This is an enchanting look into Sartre qua Sartre, not as anything or anyone else and thus does more to de-fetishize him than any other effort I can think of. While Gerassi regards his parents' friend with a genuine affection, and it is an affection that is returned, neither subject nor object pulls any punches. Gerassi is quick to point out that Sartre can be a genuine heel to ones who loved him most, he could also redeem his worst attributes with sincerity and commitment. Like Petzet, Gerassi presents a portrait of Sartre away from both the adulation and the vilification.
This is a man he knew, admired and challenged, and the dialogue, as with the Heidegger book, articulates the humanity, and genuine brilliance, away from the philosophically academic reputation, with clarity, compassion and creativity.
You are invited to eavesdrop and consider intimate conversations, often very humourous, and always engaging. If you have an avocation for either of these thinkers, I'd highly recommend the book. Their discussions of US foreign policy, the emergence of China and the decline of the Soviet sphere of influence are nothing short of prophetic.
For those who think philosophical ideas are only for philosophers, this book will change your mind. Gerassi has the type of relationship with Sartre that allows true "Conversations" and "Debates" to take place. There is give and take, history and humor.
Talking with Sartre: Conversations and Debates [John Gerassi] on uzotoqadoh.tk *FREE* shipping on qualifying offers. What would it be like to be privy to the. Talking with Sartre. Conversations and Debates Authorized by Sartre to write his biography, Gerassi conducted a long series of interviews between and.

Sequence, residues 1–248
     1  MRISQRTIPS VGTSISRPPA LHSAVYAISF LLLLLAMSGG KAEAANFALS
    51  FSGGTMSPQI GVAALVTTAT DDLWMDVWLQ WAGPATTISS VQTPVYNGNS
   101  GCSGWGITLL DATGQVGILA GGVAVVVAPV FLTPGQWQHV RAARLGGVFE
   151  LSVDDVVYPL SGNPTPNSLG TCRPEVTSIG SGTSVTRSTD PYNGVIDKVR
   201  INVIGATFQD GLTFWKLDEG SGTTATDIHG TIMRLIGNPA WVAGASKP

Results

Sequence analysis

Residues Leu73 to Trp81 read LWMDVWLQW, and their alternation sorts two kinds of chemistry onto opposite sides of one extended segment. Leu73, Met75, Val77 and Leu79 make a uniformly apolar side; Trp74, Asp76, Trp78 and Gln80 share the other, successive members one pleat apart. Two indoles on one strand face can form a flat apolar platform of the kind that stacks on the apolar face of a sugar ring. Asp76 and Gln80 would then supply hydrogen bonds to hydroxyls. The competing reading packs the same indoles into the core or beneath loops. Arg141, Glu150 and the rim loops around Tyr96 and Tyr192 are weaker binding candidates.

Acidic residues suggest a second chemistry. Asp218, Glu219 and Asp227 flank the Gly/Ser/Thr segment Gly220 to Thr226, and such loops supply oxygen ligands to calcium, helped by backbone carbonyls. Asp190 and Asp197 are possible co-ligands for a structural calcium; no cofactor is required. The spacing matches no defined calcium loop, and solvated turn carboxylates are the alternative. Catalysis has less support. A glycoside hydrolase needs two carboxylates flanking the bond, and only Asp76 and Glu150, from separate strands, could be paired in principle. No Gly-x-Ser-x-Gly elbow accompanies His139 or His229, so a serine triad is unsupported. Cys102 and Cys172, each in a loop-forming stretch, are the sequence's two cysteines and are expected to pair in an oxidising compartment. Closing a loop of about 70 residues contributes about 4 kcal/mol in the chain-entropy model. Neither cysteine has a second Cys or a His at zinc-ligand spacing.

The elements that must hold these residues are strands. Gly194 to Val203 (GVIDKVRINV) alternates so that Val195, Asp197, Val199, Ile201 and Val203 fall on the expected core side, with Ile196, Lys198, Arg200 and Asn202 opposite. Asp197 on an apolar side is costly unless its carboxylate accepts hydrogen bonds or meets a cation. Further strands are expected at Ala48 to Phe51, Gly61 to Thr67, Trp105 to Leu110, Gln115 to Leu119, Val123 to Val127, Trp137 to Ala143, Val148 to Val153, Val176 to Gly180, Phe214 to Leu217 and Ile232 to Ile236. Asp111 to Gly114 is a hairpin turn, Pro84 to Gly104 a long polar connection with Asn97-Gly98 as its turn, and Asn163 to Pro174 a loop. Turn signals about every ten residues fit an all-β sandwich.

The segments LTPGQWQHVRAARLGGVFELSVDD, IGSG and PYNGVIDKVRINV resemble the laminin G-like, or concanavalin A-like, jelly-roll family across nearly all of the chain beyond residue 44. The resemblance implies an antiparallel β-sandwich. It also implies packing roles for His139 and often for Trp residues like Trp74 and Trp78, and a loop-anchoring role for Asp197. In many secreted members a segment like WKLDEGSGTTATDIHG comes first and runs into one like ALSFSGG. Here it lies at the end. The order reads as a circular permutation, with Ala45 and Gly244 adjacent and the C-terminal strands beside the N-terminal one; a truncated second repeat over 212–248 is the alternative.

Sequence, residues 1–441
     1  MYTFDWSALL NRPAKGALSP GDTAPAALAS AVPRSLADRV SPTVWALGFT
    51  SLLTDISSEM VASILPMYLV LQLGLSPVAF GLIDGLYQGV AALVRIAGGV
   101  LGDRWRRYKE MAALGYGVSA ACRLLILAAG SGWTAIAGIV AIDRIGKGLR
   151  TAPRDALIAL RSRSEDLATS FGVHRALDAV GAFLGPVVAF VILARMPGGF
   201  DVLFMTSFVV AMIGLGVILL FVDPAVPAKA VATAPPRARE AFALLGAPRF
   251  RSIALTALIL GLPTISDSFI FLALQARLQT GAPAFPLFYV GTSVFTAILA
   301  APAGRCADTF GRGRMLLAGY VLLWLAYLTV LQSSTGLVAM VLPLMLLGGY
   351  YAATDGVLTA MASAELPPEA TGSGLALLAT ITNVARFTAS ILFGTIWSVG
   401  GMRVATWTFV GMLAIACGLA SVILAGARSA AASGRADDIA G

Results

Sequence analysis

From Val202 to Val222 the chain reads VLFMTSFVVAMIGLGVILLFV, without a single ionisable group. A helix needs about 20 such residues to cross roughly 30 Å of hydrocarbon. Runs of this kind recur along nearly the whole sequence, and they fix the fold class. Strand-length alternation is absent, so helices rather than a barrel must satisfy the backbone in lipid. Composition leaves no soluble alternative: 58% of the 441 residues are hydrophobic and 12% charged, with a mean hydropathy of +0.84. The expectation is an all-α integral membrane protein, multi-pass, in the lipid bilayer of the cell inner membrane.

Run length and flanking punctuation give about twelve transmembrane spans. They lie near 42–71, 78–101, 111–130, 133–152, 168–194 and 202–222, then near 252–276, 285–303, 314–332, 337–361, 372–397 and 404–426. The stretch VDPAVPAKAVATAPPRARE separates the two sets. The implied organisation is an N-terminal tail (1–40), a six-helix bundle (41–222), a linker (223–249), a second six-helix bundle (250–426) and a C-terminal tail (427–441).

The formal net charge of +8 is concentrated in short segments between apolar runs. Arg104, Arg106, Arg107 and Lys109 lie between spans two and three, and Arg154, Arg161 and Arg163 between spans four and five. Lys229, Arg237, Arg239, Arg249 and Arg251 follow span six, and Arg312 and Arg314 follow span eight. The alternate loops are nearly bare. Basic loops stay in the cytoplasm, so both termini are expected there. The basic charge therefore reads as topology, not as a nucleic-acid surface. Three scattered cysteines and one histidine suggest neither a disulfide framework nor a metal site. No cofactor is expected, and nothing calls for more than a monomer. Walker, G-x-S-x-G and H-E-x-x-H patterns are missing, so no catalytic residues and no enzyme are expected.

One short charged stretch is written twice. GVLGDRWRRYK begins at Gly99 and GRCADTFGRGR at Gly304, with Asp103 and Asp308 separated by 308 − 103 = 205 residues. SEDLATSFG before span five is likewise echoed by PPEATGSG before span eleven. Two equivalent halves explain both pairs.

At times you can almost see the two of them facing off over one of those small, round French cafe tables challenging the ideas of the other. If you want to read two great minds passionately engaged in ideas as well as the reflections of two old friend, be sure to get this book. You won't regret it. He was truly a walking legend, fighting alongside with Che Guevarra. Sir I salute you. Gerassi's conversations with Sartre are witty, insightful, and deeply human.
It reveals the complexities of the French philosopher while also disclosing new aspects of his thinking. It's hard to book this book down.
Get it, you won't regret it! What Gerassi, through his perceptive and at times challenging dialogue with Sartre, allows us to see is not only the evolution of Sartre's philosophical ideas, oftentimes in relationship to historical events, but also Sartre's humanity -- his fears, his triumphs, his loves - the whole range of human emotion. Only a true confidante could have garnered such a compelling portrait of a man who has sometimes seemed as obscure as some of his prose. Kudos also for the clarity in which Sartre's ideas are expressed in this book.
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So when we decided to take over a bar and that led to confrontations, yes, each of us was responsible, but it was a common act. Of course, there were some individual disasters too. Yeah, after I took mescaline, I started seeing crabs around me all the time. They followed me in the streets, into class. I got used to them. But after I finished school, I began to think I was going crazy, so I went to see a shrink, a young guy then with whom I have been good friends ever since, Jacques Lacan.